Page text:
By the end of my cross-country journey, I'd decided to become an entrepreneur.
I felt like a fool as I watched the train pull away from the station. I was standing on the side of the railroad tracks at dawn in Kamloops, British Columbia, freezing. I kept a brave face as I waved good-bye to the friends I'd made during the two-day trip. But my smile faded as the last car disappeared. I took a deep breath and gazed at my surroundings. I was alone in a strange place with nothing but a few duffle bags and a cardboard box. The facts could no longer be ignored: it was the first day of my much anticipated cross-country bicycle trip, and I was woefully unprepared.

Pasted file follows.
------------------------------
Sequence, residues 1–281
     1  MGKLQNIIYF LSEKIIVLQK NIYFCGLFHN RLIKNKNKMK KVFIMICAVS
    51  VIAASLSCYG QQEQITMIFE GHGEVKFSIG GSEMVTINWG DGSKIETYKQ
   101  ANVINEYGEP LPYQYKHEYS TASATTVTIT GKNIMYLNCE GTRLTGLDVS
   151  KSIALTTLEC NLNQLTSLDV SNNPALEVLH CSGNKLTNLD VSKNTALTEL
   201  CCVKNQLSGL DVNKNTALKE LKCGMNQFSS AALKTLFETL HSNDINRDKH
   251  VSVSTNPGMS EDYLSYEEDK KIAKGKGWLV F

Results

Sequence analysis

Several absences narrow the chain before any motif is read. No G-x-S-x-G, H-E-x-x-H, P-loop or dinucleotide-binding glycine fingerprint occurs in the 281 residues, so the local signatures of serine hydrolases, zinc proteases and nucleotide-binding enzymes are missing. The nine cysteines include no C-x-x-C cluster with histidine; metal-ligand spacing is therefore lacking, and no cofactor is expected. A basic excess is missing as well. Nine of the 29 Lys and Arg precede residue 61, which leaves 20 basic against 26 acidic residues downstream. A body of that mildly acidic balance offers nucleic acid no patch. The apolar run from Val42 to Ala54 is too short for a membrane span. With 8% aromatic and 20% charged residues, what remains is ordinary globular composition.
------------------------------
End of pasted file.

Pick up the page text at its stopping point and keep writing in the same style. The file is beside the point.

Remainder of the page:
I hadn't counted on going solo. For years, a friend ...